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Tips for comparing home loans
A home loan (also known as a mortgage or home finance) is a loan from a bank or financial institution for purchasing a property. These loans have typically longer terms, usually 25 or 30 years. The payments likely will be set either fortnightly or monthly. There are many different variations of home loans to suit individual financial needs.
Your home loan will fall into one of these categories, based on why you are buying the house.
Home loans also come in different interest rate structures (variable, fixed, and split rates). Home loans are asset assured, meaning that the loan is secured against your property. If you cannot continue the payments, the lending institution may require you to sell the property to settle the debt.
Why should I compare home loans? Are all home loans the same?
No, home loans are as variable as prospective homebuyers. There are a multitude of loans from different lending institutions. It’s worthwhile to research your mortgage before committing to the first one you find because home loans are long-term loans, and as such, even a small difference in interest rates or fees can significantly impact the final cost of the house.
Who is eligible for a home loan?
If you’re interested in securing a home loan, but you’re not sure you’re eligible, consider speaking with a mortgage broker. Brokers earn a commission from the lending institution when you take out a loan, they therefore work a little hard in ensuring you get a loan that’s appropriate for you.
If you find yourself in one or more of the following situations, you are less likely eligible to be secure a home loan:
- You have impaired credit.
- You are on a low income.
- You are on a pension.
- You are self-employed.
- You are a causal or seasonal worker.
- You have a temporary visa.
- You do not have a down payment (but you have a pre-existing home with equity available).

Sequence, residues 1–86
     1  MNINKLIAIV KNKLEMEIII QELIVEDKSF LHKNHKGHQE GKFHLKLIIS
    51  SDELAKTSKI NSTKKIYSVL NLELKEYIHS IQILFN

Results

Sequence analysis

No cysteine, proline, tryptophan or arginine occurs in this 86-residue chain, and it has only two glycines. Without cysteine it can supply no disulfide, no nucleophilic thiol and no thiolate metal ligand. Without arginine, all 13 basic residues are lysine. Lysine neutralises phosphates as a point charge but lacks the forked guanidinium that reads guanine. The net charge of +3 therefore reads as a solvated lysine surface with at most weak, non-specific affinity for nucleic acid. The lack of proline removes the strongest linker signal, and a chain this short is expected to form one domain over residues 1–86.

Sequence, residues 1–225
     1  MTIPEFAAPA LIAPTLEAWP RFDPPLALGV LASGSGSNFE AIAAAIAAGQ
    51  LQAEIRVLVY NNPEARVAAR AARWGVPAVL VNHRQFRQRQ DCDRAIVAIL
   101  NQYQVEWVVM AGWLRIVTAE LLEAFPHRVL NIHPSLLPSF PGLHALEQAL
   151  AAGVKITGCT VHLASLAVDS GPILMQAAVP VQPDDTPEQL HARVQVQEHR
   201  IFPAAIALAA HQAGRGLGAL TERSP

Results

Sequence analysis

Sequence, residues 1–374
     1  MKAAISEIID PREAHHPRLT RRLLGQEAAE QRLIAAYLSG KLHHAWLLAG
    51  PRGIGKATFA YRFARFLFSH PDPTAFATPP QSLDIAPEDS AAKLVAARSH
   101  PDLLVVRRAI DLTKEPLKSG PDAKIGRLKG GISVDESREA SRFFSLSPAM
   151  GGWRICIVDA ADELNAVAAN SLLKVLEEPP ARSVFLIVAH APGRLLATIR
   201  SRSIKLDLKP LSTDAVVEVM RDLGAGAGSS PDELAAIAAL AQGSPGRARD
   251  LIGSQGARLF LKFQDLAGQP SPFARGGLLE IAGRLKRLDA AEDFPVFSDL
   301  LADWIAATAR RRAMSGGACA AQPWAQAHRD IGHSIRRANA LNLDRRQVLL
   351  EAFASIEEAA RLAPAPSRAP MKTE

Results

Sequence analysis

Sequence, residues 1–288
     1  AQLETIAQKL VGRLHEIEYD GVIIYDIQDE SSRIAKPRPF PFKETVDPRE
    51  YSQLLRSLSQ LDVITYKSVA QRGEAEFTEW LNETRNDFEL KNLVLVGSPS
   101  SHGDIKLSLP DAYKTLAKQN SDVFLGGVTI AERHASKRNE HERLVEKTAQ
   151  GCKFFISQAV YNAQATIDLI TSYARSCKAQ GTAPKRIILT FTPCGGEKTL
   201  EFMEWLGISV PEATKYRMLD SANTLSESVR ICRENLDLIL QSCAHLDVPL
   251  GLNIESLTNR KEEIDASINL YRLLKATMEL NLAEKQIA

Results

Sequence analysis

- You are on maternity leave.
- You are on a single income with a child or children.
- You recently transferred to a new job.
You could still potentially get a home loan if you fill into one or more of the above criteria. However, your options may be limited. You may need to rely on getting a cheaper place, saving for a larger deposit, using equity in an existing home or taking out lender mortgage insurance (LMI).
Do I need preapproval?
Preapproval can make the home buying process smoother and easier. Essentially, preapproval is when your home loan lender “conditionally” preapproves you for a loan up to a certain amount once looking at your finances, employment, and other outstanding debts.
Prospective home buyers with preapproval will be able to negotiate harder because they will be considered a preferred buyer. It will offer the sellers increased confidence that you’re serious and have the ability to afford the house. Preapproval will also speed up the documentation process.
How much does a home loan cost?
The total cost of the loan includes not only the amount of money borrowed, but also interest accrued over the life of the loan as well as any additional costs and fees. There are three types of fees you will encounter when applying for a mortgage.
- Upfront fees. These fees include application fees, settlement fees, valuation fees, legal fees, Lenders Mortgage Insurance (LMI), and stamp duty.
- Ongoing fees. Repayments, annual fees, monthly fees, redraw fees, and offset account fees.
- Exit fees. Title discharge fees and break costs.